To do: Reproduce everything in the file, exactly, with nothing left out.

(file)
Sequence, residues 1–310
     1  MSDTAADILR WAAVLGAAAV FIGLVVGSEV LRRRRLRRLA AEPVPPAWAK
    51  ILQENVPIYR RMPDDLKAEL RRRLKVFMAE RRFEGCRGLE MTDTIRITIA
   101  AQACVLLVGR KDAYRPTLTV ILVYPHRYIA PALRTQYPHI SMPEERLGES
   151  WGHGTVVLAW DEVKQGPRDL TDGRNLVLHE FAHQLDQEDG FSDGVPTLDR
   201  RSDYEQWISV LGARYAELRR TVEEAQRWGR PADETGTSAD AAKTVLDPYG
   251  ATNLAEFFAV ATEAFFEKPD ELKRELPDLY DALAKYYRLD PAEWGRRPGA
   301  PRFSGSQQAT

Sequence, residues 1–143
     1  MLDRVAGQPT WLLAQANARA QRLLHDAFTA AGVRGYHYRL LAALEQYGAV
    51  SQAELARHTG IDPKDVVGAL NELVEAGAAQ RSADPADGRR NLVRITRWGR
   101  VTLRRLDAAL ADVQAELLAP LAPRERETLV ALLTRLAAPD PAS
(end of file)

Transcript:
Sequence, residues 1–310
     1  MSDTAADILR WAAVLGAAAV FIGLVVGSEV LRRRRLRRLA AEPVPPAWAK
    51  ILQENVPIYR RMPDDLKAEL RRRLKVFMAE RRFEGCRGLE MTDTIRITIA
   101  AQACVLLVGR KDAYRPTLTV ILVYPHRYIA PALRTQYPHI SMPEERLGES
   151  WGHGTVVLAW DEVKQGPRDL TDGRNLVLHE FAHQLDQEDG FSDGVPTLDR
   201  RSDYEQWISV LGARYAELRR TVEEAQRWGR PADETGTSAD AAKTVLDPYG
   251  ATNLAEFFAV ATEAFFEKPD ELKRELPDLY DALAKYYRLD PAEWGRRPGA
   301  PRFSGSQQAT

Sequence, residues 1–143
     1  MLDRVAGQPT WLLAQANARA QRLLHDAFTA AGVRGYHYRL LAALEQYGAV
    51  SQAELARHTG IDPKDVVGAL NELVEAGAAQ RSADPADGRR NLVRITRWGR
   101  VTLRRLDAAL ADVQAELLAP LAPRERETLV ALLTRLAAPD PAS